Irish economy set for 11% growth surge as restrictions ease, ESRI says

Think tank predicts strong rebound driven by exports and consumer spending

Shoppers on O’Connell Street in Dublin. Photograph: Damien Eagers

Shoppers on O’Connell Street in Dublin. Photograph: Damien Eagers

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The Irish economy will rebound dramatically this year – growing by 11 per cent – on the back of stronger exports and a resurgence in consumer spending and investment linked to the easing of restrictions, the Economic and Social Research Institute (ESRI) has said.

This is the highest rate of growth ever forecast by the ESRI and more than double what the Government is forecasting.

The think tank, however, warned that the pandemic would still have a scarring effect on the economy in terms of higher unemployment and fewer homes being built. The latter is likely to “exacerbate” existing supply pressures in the housing market, it said.

In its latest economic commentary, the ESRI delivered one of its most upbeat assessments of the Irish economy and its future growth prospects.

It suggested growth this year and next would be driven by a combination of stronger exports, particularly from the multinational sector, and a rebound in consumption and investment linked to the easing of restrictions.

Consumer spending, which contracted by almost 10 per cent last year, is expected to grow by 7.5 per cent this year, aided by the unwinding of excess savings.

These forces would drive “substantial growth” of 11.1 per cent in 2021 and 6.9 per cent in 2022.

The ESRI said recovery is likely to be uneven and focused on those goods and services which households have been constrained from consuming.

“It is therefore likely that many of the retail sales areas which are currently operating well below pre-pandemic levels (bars, restaurants, clothing and footwear, department stores) are likely to experience notable increases in expenditure as the economy begins to recover,” it said.

The institute also cautioned that its forecasts were predicated on the permanent relaxation of health measures and that this assumed the current suite of vaccines would continue to work against new Covid variants and that “social mixing is not constrained by restrictions or public confidences”.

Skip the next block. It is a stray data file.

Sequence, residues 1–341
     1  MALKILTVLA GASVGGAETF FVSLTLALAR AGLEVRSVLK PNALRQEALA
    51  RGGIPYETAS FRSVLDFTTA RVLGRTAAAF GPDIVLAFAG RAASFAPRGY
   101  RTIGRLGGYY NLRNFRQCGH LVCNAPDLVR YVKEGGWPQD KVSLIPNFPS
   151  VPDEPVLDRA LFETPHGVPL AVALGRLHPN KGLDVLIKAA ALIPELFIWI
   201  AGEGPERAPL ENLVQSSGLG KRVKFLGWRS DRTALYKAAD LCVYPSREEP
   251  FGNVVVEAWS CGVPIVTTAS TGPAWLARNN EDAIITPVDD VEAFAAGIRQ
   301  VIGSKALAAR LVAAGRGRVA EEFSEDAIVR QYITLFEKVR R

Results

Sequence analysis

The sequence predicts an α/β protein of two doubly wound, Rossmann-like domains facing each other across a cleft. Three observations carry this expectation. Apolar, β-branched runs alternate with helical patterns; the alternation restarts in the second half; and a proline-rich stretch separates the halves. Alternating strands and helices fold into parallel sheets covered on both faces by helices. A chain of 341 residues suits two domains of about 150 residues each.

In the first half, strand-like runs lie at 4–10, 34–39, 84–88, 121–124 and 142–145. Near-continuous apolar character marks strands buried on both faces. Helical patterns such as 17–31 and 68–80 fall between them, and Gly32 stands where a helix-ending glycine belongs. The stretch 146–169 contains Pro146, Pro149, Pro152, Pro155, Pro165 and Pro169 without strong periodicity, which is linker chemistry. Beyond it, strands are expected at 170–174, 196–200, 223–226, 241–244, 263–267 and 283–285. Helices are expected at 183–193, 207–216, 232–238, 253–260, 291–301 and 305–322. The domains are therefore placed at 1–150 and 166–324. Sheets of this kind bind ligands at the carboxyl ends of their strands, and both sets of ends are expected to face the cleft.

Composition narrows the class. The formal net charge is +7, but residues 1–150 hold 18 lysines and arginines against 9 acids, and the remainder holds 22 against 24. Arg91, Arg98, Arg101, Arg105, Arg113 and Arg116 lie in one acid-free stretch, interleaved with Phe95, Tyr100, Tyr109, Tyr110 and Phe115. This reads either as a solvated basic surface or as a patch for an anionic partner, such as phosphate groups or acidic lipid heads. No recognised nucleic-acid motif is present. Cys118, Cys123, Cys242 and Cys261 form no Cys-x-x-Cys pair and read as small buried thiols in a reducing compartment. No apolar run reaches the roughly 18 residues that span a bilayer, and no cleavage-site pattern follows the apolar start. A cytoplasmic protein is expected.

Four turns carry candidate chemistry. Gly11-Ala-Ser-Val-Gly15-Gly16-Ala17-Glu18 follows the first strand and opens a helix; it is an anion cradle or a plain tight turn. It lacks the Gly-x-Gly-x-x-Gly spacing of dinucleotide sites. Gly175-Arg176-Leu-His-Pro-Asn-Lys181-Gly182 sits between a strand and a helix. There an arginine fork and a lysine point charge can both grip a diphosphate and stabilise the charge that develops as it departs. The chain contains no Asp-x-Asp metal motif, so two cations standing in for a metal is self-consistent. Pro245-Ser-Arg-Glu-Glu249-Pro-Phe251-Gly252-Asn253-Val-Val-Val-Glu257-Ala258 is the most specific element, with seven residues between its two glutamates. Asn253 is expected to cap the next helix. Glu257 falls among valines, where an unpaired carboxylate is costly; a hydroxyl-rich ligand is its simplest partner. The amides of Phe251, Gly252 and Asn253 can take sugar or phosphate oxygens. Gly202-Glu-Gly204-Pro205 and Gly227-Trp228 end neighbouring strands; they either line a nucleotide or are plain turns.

It calculated that the cost of the pandemic – in output terms – in 2020 and 2021 would be in the region of €24 billion. However, it predicted the economy would return to pre-pandemic levels of output by as early as 2022, which is significantly earlier than previously envisaged.

Long-lasting impact

Despite the faster-than-expected recovery, the pandemic was still likely to have “significant long-lasting” impacts on the Irish economy.

Unemployment would remain elevated at 9 per cent even by the end of this year, it said, and average about 7 per cent next year.

Separate Central Statistics Office (CSO) figures, published on Wednesday put the State’s Covid-adjusted unemployment rate at 21.9 per cent in May, which corresponds to nearly 490,000 people being out of work.

In its report, the ESRI also highlighted the impact of restrictions on residential construction, noting that the imbalance between housing supply and demand is greater now than it was at the start of the pandemic. It expects 18,000 housing units to be built this year.

“This decline in supply may further exacerbate the gap with structural demand, especially in the short run,” it said.

To address the shortfall, the ESRI said the Government needed to double the existing level of capital investment on housing to €4 billion, which would deliver an additional 18,000 housing units a year.

This could be financed by running “on an ongoing basis” an annual budget deficit of between €4 billion and €7 billion, which equates to about 1.5 per cent of gross domestic product.

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